Abstract: E-commerce sales are increasing every year and customers who buy goods on the Internet have high service level expectations. In order to meet these expectations, a company’s logistics operations need to be performed carefully. Optimizing only internal warehouse processes will often lead to suboptimal solutions. The interrelationship between the order picking process and the delivery process should not be ignored. Therefore, in this study, an order picking problem and a vehicle routing problem with time windows and release dates are solved simultaneously using a single optimization framework. To the best of our knowledge, it is the first time that an order picking problem and a vehicle routing problem are integrated. A mixed integer linear programming formulation for this integrated order picking-vehicle routing problem (OP-VRP) is provided. The integrated OP-VRP is solved for small instances and the results are compared to these of an uncoordinated approach. Computational experiments show that integration can lead to cost savings of 14% on average. Furthermore, higher service levels can be offered by allowing customers to request their orders later and still get delivered within the same time windows.
PubDate: 2017-03-31
DOI: 10.1007/s10696-017-9287-5

• A stochastic approach for designing two-tiered emergency medical service
systems
• Authors: Rania Boujemaa; Aida Jebali; Sondes Hammami; Angel Ruiz; Hanen Bouchriha
Abstract: Emergency medical services (EMS) systems provide out-of-hospital acute medical care and transportation to the appropriate health care provider to patients with illnesses and injuries. The objective of EMS systems is to satisfy demand requests by providing timely first care medical assistance to patients at the incident scene. This paper aims at designing a robust two-tiered EMS system while accounting for the inherent uncertainty of the demand. A two-stage stochastic programming location-allocation model is proposed to simultaneously determine the location of ambulance stations, the number and the type of ambulances to be deployed, and the demand areas served by each station. This problem is then solved efficiently using the sampling average approximation algorithm. Computational experiments highlight the performance of the proposed solution approach and its practical applicability.
PubDate: 2017-03-22
DOI: 10.1007/s10696-017-9286-6

• Cooperative liner shipping network design by means of a combinatorial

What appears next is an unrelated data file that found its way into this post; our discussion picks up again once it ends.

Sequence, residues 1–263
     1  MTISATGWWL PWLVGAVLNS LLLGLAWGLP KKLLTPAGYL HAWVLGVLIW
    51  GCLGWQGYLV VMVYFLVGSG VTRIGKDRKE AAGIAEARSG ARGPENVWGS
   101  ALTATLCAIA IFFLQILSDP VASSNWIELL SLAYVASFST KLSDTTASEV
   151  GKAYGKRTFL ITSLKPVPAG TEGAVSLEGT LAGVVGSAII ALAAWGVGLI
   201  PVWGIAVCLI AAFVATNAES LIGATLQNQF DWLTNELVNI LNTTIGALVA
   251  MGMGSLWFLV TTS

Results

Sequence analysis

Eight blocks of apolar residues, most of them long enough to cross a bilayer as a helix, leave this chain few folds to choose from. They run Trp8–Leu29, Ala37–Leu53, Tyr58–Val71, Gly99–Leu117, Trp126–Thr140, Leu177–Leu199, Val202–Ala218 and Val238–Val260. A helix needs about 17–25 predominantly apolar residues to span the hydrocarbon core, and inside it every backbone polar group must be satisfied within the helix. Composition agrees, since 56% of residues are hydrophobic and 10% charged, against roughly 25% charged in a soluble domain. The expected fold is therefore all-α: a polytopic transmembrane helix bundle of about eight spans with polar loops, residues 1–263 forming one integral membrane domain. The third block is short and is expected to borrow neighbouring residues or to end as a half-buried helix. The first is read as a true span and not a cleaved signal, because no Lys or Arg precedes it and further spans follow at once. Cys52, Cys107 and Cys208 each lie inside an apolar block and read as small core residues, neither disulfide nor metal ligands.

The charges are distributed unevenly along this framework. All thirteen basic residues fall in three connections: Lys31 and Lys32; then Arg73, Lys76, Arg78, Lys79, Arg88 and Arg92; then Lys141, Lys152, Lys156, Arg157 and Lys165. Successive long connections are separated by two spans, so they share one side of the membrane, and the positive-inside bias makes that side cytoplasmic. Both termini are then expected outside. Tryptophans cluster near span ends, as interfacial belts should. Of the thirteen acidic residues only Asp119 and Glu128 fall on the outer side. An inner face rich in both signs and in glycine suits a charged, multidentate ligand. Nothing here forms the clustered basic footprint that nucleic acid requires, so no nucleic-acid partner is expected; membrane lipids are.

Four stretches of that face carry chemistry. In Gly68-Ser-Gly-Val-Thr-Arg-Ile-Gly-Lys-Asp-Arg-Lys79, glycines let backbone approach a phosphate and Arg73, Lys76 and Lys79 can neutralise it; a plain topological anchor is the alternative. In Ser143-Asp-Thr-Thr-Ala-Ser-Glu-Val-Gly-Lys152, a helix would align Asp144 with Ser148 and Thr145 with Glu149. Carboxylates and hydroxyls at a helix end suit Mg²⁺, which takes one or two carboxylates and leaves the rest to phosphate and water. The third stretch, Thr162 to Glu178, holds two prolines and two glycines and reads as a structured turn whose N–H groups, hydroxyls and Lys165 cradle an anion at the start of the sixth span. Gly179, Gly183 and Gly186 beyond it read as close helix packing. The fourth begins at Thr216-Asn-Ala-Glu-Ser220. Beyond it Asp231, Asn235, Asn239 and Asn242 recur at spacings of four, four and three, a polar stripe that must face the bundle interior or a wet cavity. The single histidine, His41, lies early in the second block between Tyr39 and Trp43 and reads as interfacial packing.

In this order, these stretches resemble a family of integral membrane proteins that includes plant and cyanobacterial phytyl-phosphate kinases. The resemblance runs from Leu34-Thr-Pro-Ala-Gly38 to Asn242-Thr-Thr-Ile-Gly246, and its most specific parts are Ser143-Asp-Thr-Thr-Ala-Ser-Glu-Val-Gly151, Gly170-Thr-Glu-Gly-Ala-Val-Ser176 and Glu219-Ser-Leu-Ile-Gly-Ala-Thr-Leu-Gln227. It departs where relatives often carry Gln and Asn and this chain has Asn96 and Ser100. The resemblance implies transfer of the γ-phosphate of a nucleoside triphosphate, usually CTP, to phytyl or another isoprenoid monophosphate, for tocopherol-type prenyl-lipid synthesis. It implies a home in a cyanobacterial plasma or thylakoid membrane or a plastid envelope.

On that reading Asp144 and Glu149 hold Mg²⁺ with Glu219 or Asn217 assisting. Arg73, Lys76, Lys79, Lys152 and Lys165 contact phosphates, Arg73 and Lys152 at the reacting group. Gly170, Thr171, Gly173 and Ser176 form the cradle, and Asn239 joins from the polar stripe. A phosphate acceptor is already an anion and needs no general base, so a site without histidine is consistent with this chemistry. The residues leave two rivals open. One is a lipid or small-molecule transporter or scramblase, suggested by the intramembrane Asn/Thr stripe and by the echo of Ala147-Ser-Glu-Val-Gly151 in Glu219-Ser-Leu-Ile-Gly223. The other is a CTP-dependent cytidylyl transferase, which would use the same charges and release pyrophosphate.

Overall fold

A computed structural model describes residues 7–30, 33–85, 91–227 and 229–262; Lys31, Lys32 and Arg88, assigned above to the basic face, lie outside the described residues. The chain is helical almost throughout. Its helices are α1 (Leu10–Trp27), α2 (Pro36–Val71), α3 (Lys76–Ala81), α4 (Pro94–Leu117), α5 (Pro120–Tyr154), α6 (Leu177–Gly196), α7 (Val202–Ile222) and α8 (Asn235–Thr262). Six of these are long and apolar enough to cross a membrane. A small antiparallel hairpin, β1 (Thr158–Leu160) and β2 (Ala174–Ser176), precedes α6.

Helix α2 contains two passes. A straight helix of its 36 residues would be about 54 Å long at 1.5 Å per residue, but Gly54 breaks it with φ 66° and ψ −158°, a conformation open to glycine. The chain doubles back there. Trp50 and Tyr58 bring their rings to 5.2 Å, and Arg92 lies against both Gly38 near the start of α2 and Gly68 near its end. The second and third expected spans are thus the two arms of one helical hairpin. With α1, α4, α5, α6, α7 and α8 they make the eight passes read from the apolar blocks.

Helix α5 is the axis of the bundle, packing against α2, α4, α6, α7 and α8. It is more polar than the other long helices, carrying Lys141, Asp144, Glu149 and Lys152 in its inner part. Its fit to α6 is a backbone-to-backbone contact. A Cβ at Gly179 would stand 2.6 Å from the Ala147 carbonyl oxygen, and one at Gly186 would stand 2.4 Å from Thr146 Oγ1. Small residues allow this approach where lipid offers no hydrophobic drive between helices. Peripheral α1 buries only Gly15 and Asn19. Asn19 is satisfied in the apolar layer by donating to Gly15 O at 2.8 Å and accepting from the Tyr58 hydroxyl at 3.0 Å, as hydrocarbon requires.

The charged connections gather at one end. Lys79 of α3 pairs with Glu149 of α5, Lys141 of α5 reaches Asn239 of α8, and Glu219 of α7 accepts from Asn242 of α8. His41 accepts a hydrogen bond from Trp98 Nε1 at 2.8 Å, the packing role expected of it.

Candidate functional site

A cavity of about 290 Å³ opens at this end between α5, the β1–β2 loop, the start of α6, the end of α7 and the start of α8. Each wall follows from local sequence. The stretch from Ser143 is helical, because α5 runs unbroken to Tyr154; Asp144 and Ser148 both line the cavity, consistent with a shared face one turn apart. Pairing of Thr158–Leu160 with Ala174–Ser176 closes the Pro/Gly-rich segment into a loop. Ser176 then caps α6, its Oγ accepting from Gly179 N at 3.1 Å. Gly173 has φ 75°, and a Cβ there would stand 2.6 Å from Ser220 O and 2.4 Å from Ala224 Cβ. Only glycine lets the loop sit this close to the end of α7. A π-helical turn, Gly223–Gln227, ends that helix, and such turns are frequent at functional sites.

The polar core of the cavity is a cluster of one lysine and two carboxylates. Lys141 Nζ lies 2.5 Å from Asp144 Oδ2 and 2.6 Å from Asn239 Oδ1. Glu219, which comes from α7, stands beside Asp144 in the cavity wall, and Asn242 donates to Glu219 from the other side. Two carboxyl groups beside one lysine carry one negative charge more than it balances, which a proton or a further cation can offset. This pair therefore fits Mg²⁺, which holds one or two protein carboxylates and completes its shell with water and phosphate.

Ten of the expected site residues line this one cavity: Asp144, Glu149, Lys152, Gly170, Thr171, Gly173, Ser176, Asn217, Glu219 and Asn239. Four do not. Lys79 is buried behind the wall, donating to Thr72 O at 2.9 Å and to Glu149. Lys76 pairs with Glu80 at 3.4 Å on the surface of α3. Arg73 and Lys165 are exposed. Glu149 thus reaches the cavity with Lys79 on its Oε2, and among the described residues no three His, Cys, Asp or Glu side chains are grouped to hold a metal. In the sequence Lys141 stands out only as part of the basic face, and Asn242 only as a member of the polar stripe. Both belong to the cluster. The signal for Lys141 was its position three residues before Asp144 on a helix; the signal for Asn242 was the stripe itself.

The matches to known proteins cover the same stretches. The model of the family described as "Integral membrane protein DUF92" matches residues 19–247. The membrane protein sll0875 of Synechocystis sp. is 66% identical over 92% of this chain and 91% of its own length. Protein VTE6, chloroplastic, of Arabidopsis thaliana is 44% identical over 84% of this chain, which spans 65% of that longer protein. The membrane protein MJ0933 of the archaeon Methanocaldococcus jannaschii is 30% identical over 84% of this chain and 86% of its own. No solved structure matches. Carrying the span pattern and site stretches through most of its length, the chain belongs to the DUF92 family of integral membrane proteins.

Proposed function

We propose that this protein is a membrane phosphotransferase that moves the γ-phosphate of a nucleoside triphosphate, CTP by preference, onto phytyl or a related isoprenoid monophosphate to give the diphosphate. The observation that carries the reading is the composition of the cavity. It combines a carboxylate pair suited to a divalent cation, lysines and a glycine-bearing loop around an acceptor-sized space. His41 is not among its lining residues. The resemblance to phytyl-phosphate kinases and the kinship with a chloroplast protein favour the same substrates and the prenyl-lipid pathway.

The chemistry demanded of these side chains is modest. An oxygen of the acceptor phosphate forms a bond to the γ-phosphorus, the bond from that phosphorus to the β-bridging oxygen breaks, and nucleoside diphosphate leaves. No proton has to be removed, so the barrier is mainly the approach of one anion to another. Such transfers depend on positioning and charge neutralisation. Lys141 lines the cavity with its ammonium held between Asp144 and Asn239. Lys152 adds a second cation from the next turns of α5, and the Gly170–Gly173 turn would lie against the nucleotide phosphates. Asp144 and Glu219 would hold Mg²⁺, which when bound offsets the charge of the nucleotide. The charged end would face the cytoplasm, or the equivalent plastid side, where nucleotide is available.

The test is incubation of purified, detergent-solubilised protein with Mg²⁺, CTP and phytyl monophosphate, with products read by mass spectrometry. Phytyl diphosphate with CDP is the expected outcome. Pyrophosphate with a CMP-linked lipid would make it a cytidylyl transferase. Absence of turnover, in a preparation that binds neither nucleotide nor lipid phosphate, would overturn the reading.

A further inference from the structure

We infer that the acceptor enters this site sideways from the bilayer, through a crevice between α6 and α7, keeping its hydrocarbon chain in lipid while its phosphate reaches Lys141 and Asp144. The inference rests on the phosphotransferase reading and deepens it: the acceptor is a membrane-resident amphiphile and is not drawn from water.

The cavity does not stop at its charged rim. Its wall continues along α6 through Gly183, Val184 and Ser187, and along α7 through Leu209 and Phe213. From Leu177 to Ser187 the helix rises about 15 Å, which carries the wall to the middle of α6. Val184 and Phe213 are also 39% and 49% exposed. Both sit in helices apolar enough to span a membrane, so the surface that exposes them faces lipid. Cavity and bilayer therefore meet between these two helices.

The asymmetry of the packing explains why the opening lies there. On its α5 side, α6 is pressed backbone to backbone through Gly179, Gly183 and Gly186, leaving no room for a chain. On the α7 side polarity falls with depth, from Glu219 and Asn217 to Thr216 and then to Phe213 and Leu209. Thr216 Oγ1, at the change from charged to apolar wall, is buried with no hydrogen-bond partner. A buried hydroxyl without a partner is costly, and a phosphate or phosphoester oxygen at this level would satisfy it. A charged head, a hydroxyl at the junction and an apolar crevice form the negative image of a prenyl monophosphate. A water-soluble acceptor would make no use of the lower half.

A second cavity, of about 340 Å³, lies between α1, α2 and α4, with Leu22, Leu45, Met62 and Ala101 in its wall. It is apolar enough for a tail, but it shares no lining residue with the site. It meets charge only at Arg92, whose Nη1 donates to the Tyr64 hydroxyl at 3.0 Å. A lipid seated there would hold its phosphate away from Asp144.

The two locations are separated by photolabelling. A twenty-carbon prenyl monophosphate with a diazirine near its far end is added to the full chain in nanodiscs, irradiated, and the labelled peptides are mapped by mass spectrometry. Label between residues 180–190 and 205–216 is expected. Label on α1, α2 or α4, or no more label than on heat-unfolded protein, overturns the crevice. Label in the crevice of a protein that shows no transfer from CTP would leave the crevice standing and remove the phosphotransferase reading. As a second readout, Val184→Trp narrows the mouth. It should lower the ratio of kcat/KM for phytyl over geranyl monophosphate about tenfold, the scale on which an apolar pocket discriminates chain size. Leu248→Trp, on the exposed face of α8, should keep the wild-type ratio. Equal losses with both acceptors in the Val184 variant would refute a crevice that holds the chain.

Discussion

auction
• Authors: Tobias Buer; Rasmus Haass
Abstract: Cooperation in the ocean liner shipping industry has always been important to improve liner shipping networks (LSN’s). As tight cooperations like alliances are challenged by antitrust laws, looser forms of cooperation among liner carriers might become a reasonable way to increase efficiency of LSN’s. Our goal is to facilitate a loose form of cooperation among liner carriers. Therefore, we introduce a coordination mechanism for designing a collaborative LSN based on a multi round combinatorial auction. Via the auction, carriers exchange demand triplets, i.e. orders which describe the transport of containers between ports. A standard network design problem which includes ship scheduling and cargo routing decisions is used as isolated network design problem of an individual carrier. A carrier has to solve this isolated problem repeatedly during the auction so that the carrier is able to decide which demand triplets to sell, on which demand triplets to bid, and what prices to charge. To solve these problems we propose a variable neighborhood search based matheuristic. The matheuristic addresses the isolated planning problem in four phases (construct ship cycles, modify cycles, determine container flow, and reallocate ships to cycles). Our computational experiments on a set of 56 synthetic test instances suggest that the introduced combinatorial auction increases profits on average compared to isolated planning significantly by 4%. The more diverse the original assignment of demand triplets and ships to carriers is, the higher the potential for collaboration; for 18 diverse instances, the profits increase on average by 10%.